Investing in property? Here’s stuff you need to know first!
Decide on a niche
In order to make an informed purchasing decision, you need to know what the market-related selling prices and rentals are. Since it is very difficult to be an expert on all types of properties in all areas, it is usually a good idea to decide on a niche you will target. For example, you could choose to focus on townhouses within a certain area.
Observe market trends
Watch the trends in your chosen market for some time before taking an investment decision. You should know what the rental and buying demands are like, and whether they are increasing or decreasing. Are rental yields going up? Are selling prices going up? Try to establish whether changes in demand are related to the area only, or to variations in the general economy.
Remember, you will be buying with a long-term view so always satisfy yourself that the area you are looking at will continue to be sought-after by renters (and buyers) in the future.
As an investor, you need to know what the tax consequences of your investment will be. Typically, any rental income you receive will be included in your taxable income but maintenance expenses, rates and interest on the bond can be deducted. You could quite easily end up with a tax loss in the first few years which could be set off against your other taxable income.
Capital improvements to a property cannot be deducted, but will reduce the profit on sale taxed by SARS.
When you sell a property that you bought to earn rental income, there will be capital gains tax on any profit you make. It is important to note that if your original intention was to buy a property and then resell it for a profit, the profit could be taxed at normal income tax rates!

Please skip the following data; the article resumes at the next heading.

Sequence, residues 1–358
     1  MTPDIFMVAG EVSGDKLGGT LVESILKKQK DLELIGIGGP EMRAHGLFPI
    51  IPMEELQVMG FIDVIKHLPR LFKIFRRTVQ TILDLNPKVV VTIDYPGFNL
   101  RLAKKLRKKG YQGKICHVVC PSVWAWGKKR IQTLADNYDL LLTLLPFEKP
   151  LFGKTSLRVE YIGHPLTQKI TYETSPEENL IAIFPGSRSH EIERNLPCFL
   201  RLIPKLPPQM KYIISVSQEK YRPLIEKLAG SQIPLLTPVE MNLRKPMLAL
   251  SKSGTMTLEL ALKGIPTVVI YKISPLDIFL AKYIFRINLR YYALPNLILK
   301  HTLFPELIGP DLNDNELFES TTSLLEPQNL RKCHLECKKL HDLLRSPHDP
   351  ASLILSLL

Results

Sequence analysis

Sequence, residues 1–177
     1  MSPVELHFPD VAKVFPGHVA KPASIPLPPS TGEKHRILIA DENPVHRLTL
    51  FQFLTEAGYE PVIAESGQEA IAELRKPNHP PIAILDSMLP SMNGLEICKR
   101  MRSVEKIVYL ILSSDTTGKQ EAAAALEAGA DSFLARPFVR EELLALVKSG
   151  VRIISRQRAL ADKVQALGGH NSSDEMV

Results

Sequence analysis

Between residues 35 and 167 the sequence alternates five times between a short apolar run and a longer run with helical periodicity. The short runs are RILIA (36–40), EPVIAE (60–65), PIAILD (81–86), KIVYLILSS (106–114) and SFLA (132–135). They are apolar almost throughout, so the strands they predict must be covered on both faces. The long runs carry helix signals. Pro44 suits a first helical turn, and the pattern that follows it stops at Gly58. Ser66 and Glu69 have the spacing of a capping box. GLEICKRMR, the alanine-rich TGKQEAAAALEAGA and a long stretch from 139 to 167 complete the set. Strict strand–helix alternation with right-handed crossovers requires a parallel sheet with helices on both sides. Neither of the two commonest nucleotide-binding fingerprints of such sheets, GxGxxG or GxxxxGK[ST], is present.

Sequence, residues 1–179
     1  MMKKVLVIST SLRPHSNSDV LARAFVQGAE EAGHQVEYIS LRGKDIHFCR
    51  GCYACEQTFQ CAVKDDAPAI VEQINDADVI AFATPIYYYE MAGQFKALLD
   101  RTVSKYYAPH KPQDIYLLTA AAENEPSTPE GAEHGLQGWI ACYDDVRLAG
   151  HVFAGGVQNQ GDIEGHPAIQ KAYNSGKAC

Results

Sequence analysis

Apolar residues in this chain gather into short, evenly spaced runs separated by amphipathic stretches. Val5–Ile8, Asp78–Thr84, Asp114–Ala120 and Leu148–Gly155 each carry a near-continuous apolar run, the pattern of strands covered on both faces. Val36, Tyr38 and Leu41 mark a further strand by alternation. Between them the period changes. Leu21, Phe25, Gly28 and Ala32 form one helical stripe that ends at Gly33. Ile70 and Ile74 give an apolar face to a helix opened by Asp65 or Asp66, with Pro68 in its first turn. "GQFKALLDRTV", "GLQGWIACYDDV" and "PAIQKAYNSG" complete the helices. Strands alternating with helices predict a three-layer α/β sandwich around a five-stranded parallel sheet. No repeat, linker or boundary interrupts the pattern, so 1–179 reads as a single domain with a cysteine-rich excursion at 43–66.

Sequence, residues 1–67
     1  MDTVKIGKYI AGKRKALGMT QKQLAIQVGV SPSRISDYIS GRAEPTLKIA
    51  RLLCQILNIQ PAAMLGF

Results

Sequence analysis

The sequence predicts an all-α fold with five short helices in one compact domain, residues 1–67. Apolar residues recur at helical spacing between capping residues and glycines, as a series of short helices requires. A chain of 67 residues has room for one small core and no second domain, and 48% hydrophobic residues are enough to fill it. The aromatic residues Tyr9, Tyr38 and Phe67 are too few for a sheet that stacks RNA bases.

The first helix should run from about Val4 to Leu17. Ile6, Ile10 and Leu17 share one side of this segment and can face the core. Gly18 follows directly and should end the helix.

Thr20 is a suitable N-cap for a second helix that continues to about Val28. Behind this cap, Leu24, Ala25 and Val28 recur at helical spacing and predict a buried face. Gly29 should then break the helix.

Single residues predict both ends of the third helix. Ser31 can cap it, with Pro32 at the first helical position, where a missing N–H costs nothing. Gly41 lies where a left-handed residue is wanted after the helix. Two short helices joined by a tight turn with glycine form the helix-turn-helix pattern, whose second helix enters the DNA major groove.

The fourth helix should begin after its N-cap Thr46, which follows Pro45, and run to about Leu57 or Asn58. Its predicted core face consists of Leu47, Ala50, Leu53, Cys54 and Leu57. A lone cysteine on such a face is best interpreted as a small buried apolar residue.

Get tax advice from your accountant before investing.
Understand tenant rights
If you rent out a residential property, there are two legal elements you must be aware of.
If you ever decide to sell, the lease agreement that you signed with your tenant will take precedence over the subsequent sale agreement. This is the "huur gaat voor koop" principle. What this means is that any change of ownership has no effect on the lease; the tenant just makes payment to a new landlord. This could limit potential buyers to only those who don't mind the fact that there is a tenant.
You need a court order to evict a tenant who stops paying. Not only can this take three months or more to obtain, but it is not a foregone conclusion that the court will even agree to evict. In terms of SA law, the court will consider the rights and needs of tenants who are vulnerable: the elderly, disabled persons, children, and households headed by women. The court could therefore decide, in the particular circumstances, that it would be too harsh to evict the tenants even though they aren't paying the rent. The lesson is to carefully screen any potential tenants first and to consult a good lawyer.